Free market principles predict that prices will inexorably rise
This argument is simpler and easier to understand for those who don't think deeply about politics or economics. It is obvious that as long as our dependence on fossil fuels continues, accessible supplies become more expensive. Prices will rise, especially when demand begins to exceed extractable supplies. This cycle of rising prices might have already happened if not for the slowdown in the global economy the banksters produced, even if it would have still been obscured by Saudi Arabia's decision to overproduce as a weapon against an Iran desperate for oil revenue. Americans loathe any rise in gas prices. If they know that the increases would continue indefinitely and that the Wall Street types who have repeatedly wiped out their wealth before demanding to be bailed out by taxpayers were the chief beneficiaries, their loyalty to the system might be shaken.
Fossil fuels are protected from free market influences by the government it has corrupted
Everyone knows government has been corrupted by fossil fuels and other special interest money in politics. Making them bear the true costs of our dependence on fossil fuels can help turn the tide in favor of renewables in the market. Oil and gas are hardly subject to free market forces when they are subsidized by US taxpayers to the tune of $37.5 billion per year. Worldwide, that figure might be as much as $1 trillion. And these subsidies do not begin to cover the real costs of pollution and health care costs paid for by localities in affected areas. Despite these advantages, renewables are increasingly becoming competitive in a variety of markets, even without subsidies. One expert estimated that sometime this year, solar will become cheaper than fossil fuels in half the states. Renewables are already cheaper in Australia, most of the developing world and 42 of the largest 50 cities in the US. How much faster could we reach emissions goals if fossil fuels were not so heavily subsidized?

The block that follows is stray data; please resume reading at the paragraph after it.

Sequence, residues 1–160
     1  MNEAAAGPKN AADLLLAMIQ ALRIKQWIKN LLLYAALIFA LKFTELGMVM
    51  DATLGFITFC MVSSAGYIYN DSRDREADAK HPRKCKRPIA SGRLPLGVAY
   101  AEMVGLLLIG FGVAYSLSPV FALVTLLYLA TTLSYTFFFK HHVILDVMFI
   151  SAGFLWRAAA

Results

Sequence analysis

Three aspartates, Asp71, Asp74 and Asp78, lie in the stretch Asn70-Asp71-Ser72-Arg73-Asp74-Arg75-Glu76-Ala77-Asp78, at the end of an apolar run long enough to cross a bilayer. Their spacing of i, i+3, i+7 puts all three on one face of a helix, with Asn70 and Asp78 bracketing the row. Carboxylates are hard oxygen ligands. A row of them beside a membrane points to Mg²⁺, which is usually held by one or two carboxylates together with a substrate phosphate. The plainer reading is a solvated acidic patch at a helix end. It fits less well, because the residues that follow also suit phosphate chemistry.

How can fossil fuels compete with free energy?
Some authors point out that individual rooftop solar does not produce energy as cheaply as either fossil fuel- or renewably generated power, but this does not change the fact that after upfront costs are paid, power is free to the homeowner or municipality that owns public buildings powered by solar. In addition, it can generate income from the sale of excess energy generated. It pays for itself, and with falling prices does so much faster than just a few years ago. That should be a big inducement for those to whom the issue of addressing global warming is purely an economic one. In addition, the idea of freeing ourselves from the grip of an industry that is usually monopolistic should appeal to the free market true believer. If it destroys the centralized power industry, so what? That is what is supposed to happen in a free market when an industry becomes obsolete. In the process, the number of jobs produced will dwarf those lost. The only losers in this scheme are those who are so determined to see every penny of profit they can squeeze from a dying planet that they refuse to minimize their losses by getting out before it is too late.